delightedly around the stage as the flashbulbs popped.

At least, they looked delighted. Asked after the show asked she 
felt about the clothes, one model smiled demurely and said: 
"Thank you." When an interpreter was called in, he translated the 
questions, listened, and replied: "She says she doesn't know. Thank you."

"Fashion is a wonderful thing for improving communication 
between people," Cardin said in an interview after the 
conference. "You can have this free exchange of ideas, of 
creativity, between people without thinking about nationality 
or religion or any of those things. And this is so important, 
especially where there are such different views. So I hope that 
someday we may have  a shop here - why not?"

Perhaps. But this was merely a goodwill visit by the French 
designer, and officials from the government seemed a little 
skeptical that the streets of Yangon would be teeming with 
Cardin-clad women any time soon.

"Well," said a doubtful official with the Ministry of Trade, 
"We're very interested in promoting the fashion industry. 
But when our people see these clothes, I think they'll 
prefer traditional dress."

Perhaps that's because fashion, by definition, implies 
change and Myanmar has been isolated and unchanging for a 
very, very long time. Even something as simple as an unusual 
dress can arouse concern.

Toward the end of the press conference, one stern young 
reporter stood with his arms folded across his chest and 
asked Cardin: "Do you not agree that the mode of dress 
reflects the moral habits of a people?"

Cardin blinked and thought for a moment (this is not the sort of 
question they ask in Paris, after all), and said that perhaps it 
reflected something entirely different. "Fashion," he said quietly, 
"is about dreams. And what is life without dreaming?" (AT)


May 6, 1996

"Water Festival (1)"

BurmaNet Editor's Note: Readers should recognize that Daw Suu is writing
these pieces for a very specific audience - Japanese readers. In accordance
with Japanese sensibilities, she often refers to the seasons, the bittersweet 
and transient nature of cherished things, and nostalgic remembrances of
times past.  Daw Suu  lived in Kyoto for some time, and she is trying to 
reach Japanese audiences by demonstrating that she understands and to 
some extent shares their worldview.  In return, she appears to be attempting
to persuade the Japanese public to understand her perspective on the present 
situation in Burma and to support the NLD's stance rather than nonchalantly
allow the Japanese government and Japanese multinationals to work so closely
with the SLORC.

	Poets who have known the disturbing beauty of spring in temperate lands
write about the month of April with a quivering nostalgia, fascinated, and
perhaps a little frightened, by its uncertain glory.  April in tropical
Burma is of a totally different order from "... the cruelest month, breeding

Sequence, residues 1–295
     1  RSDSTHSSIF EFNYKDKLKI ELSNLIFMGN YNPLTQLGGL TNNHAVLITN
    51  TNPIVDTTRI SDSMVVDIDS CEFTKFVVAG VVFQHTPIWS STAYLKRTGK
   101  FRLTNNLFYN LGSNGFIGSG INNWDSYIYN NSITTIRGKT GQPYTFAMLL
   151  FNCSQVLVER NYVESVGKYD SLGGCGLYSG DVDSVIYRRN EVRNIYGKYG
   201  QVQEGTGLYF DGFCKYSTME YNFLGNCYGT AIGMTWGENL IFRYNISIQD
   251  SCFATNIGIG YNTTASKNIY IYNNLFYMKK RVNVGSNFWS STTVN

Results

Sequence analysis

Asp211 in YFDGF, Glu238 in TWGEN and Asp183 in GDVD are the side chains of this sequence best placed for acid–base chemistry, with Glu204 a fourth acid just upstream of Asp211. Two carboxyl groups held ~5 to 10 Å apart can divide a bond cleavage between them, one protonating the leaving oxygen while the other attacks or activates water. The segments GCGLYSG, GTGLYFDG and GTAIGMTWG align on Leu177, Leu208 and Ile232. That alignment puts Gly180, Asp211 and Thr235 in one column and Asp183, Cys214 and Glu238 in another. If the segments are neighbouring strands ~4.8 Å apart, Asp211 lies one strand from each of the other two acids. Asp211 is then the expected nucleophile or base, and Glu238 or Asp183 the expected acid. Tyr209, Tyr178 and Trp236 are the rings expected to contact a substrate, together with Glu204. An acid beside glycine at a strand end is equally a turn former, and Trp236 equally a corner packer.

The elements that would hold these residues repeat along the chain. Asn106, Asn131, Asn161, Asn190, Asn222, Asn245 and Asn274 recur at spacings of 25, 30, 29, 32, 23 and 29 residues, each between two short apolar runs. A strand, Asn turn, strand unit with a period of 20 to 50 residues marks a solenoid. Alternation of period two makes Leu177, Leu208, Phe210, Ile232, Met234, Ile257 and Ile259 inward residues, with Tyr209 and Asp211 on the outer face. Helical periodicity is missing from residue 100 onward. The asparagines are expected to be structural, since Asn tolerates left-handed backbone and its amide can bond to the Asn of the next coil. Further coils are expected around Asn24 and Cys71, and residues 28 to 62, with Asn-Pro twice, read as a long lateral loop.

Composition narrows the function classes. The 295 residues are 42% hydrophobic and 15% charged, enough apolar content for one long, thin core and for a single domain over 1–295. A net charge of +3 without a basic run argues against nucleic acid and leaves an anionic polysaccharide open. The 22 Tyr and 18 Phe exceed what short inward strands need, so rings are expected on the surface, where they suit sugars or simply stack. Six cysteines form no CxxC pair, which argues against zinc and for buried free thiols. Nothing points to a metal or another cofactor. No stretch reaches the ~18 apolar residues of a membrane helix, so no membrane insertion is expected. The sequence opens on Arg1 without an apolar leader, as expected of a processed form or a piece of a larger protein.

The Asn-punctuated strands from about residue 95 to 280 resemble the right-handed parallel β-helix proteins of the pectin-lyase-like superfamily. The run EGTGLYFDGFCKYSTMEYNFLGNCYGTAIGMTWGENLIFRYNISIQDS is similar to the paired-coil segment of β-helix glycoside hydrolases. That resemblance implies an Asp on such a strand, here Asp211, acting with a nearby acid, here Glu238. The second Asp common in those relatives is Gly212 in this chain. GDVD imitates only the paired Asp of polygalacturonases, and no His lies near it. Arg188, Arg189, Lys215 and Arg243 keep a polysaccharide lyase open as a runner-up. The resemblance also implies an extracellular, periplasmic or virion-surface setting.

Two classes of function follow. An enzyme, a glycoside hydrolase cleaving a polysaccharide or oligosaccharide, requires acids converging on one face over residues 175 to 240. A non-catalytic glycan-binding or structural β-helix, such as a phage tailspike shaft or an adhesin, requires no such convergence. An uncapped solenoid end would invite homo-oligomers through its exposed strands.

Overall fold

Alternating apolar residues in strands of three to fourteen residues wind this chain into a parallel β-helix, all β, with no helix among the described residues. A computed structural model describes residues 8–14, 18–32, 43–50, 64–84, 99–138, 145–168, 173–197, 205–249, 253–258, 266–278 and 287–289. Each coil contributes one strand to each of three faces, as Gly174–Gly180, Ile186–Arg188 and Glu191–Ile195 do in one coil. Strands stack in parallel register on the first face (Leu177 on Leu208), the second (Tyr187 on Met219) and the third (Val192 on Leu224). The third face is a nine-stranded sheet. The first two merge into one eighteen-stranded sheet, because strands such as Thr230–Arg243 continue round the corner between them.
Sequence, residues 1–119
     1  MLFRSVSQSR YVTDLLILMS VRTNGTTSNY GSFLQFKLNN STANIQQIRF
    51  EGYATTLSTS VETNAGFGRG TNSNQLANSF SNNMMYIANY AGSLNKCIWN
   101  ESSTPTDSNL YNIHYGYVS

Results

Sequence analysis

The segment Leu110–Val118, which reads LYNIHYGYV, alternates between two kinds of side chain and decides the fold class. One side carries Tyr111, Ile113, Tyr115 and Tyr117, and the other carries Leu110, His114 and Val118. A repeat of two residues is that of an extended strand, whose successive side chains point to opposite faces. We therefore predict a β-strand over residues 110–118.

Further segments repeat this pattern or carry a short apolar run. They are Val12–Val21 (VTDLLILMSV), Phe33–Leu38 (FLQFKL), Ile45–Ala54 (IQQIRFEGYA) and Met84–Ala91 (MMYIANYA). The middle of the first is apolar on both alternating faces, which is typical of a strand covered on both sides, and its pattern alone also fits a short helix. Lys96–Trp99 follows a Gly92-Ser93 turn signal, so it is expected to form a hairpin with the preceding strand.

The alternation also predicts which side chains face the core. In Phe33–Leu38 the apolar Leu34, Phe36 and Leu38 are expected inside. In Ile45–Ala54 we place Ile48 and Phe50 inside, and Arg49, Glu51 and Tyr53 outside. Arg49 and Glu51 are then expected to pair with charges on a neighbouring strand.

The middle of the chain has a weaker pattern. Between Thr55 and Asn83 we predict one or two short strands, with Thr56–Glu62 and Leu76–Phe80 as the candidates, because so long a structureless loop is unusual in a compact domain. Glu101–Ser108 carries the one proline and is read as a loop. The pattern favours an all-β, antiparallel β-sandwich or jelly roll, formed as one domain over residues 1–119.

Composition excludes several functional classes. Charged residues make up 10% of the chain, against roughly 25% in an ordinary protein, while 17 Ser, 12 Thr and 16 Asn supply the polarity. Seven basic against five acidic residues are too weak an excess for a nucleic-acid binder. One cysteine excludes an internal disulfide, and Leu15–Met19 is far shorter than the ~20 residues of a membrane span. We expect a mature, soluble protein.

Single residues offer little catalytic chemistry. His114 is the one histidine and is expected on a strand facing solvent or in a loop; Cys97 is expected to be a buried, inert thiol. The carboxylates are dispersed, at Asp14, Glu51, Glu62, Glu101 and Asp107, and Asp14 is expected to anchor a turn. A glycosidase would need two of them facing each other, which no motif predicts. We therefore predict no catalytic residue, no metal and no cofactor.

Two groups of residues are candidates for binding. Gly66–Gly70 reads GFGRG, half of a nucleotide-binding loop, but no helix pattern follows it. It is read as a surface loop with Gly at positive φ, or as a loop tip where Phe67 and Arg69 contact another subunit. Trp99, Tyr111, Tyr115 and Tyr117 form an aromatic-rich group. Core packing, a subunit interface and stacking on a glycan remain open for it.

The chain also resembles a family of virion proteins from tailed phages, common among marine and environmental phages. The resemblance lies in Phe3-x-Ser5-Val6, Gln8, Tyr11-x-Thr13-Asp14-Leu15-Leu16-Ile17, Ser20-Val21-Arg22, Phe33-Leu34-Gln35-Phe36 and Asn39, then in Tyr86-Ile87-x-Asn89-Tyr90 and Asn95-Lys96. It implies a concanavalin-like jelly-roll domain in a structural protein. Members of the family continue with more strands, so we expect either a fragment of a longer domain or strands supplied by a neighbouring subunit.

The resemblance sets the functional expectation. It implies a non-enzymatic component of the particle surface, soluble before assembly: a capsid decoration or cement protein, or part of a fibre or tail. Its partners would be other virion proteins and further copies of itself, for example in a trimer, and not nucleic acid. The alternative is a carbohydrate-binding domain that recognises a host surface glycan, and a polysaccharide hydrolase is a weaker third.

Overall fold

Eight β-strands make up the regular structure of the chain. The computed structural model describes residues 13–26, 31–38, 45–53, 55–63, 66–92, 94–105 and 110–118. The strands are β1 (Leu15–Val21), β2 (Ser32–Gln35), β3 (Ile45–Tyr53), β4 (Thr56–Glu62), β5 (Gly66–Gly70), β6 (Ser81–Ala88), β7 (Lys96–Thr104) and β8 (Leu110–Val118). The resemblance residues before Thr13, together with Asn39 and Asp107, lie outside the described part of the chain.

Lilacs out of the dead land, stirring Dull roots with spring rain."
	The cruelty of April in Burma lies not in the pain of returning life but in
the searing heat and brassy glare of the sun that saps strength and energy,
leaving people as parched and exhausted as the cracked earth.  It is during
this hot and draining month that the Burmese New Year falls.  And fittingly
the New Year is celebrated with a water festival.
	The name of the festival is /Thingyan/.  Thingyan denotes a changeover and
the suffix /maha/, great, is often added to indicate the major change from
an old to a new year which the festival celebrates.  We also use the suffix
/ata/, ending, as the festival actually takes place during the last four
days of the old year and the ata water that we pour on each other as part of
the festivities symbolizes peace and prosperity and the washing away of
	The form of the Thingyan festival has changed perceptibly over the last 200
years.  An Englishman, Captain Symes, sent by the Viceroy of India on an
embassy to the Burmese court at Ava in 1795 left a description of the water
festival in which he took part:
	"To wash away the impurities of the past and begin the new year free from
stain, women on this day throw water on every man they meet, and the men are
allowed to throw water on them in return.  This permission to throw water on
one another gives rise to a great deal of harmless merriment, especially
amongst the young women, who, armed with large syringes or squirts and
vessels, try to wet every man that goes along the street, and in their turn
receive a wetting with the utmost good nature.
	"The slightest indecency is never shown in this or in any other of their
sports.  Dirty water is never thrown.  A man is not allowed to lay hold of a
woman, but may throw as much water over her as he pleases, provided she has
started first."
	The age of chivalry when only women were allowed to start throwing water
first have long gone by.  And these days water hoses fitted with nozzles
that spurt out strong jets of water have largely replaced syringes and
squirts and dainty vessels.  And many Burmese, especially those belonging to
the older generations, would sadly admit that it can no longer be claimed
that "the slightest indecency is never shown" during the festival,
especially since alcoholic excess has come to be associated with thingyan.
In modern times it has become the practice to set up temporary buildings for